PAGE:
Dealing with a latent danger: parents communicating with their school-age preadolescent children about smoking - a grounded theory study

  • Author / Creator
    Small, Sandra
  • Smoking in youth continues to be an important public health issue. Because adolescence is the key period for smoking initiation, prevention efforts need to take place before the adolescent years. Little is known about parental smoking prevention interventions. The purpose of this study, therefore, was to understand parental approach to the topic of smoking with school-age pre-adolescent children within the context of local policies and programs concerning smoking. The study was carried out using the grounded theory method of Strauss and Corbin (1998). The sample was purposive and consisted of 38 parents who had at least one child ranging in age from 5 to 12 years and 9 professionals whose work involved youths or smoking prevention. Data consisted of interviews with the parents and professionals and information obtained about smoking-specific public policies and programs that were relevant locally. The data from the parents were analyzed to construct a theory and from the professionals to generate themes.
    The findings represent a substantive theory that explains how parents communicated with their children about smoking. Parents perceived smoking to be a latent danger for their children. That meaning was shaped by their knowledge of the health effects of smoking and their knowledge of the nature of youth smoking. They did not want their children to smoke and to deter it they communicated with them by taking action in the form of having a no-smoking rule and verbally interacting on the topic. Their verbal interaction consisted of discussing smoking with their children by intentionally taking advantage of opportunities, telling their children about the health effects of smoking and their opposition to it by responding on the spur-of-the-moment if their attention was drawn to the issue by external cues, or acknowledging to their children the negative effects of smoking by responding only when their children brought it up. Their action and verbal interaction produced outcomes for them in the form of feelings and thoughts. The study has implications for further theory development and research. The understanding gained from the theory may be used in practice to guide interventions with parents about child smoking prevention.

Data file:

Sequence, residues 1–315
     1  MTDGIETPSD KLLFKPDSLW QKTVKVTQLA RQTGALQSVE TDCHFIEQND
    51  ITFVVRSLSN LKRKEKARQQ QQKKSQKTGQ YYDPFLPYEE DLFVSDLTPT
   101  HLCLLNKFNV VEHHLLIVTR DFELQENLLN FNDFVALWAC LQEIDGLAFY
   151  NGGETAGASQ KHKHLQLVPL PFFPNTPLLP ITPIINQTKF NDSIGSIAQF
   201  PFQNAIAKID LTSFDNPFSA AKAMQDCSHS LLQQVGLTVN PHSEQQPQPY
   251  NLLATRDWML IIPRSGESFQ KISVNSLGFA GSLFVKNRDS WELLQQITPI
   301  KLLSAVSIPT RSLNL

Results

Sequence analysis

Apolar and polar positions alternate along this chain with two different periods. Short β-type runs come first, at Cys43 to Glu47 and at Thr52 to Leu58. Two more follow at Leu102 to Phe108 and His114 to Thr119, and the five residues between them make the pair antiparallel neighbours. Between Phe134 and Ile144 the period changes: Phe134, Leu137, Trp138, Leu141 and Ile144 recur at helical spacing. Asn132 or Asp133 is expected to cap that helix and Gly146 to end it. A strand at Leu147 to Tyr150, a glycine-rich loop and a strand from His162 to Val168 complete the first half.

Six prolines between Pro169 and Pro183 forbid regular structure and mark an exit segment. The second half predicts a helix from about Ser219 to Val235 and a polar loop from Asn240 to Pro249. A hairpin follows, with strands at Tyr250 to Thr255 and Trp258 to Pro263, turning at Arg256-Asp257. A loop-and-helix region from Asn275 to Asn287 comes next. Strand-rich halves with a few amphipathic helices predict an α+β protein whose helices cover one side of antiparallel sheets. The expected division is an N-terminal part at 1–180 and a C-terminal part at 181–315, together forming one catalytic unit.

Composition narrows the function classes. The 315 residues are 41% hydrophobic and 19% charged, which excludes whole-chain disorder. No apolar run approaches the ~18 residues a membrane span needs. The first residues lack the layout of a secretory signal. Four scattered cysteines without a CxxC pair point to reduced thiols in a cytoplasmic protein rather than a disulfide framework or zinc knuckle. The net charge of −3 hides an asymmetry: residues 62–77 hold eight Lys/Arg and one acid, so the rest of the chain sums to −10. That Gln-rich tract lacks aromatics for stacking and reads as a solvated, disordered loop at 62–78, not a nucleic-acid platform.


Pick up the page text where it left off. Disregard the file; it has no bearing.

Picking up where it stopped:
• Subjects / Keywords
  • Graduation date
    Spring 2011
  • Type of Item
  • Degree
    Doctor of Philosophy
  • DOI
  • License
    This thesis is made available by the University of Alberta Libraries with permission of the copyright owner solely for non-commercial purposes. This thesis, or any portion thereof, may not otherwise be copied or reproduced without the written consent of the copyright owner, except to the extent permitted by Canadian copyright law.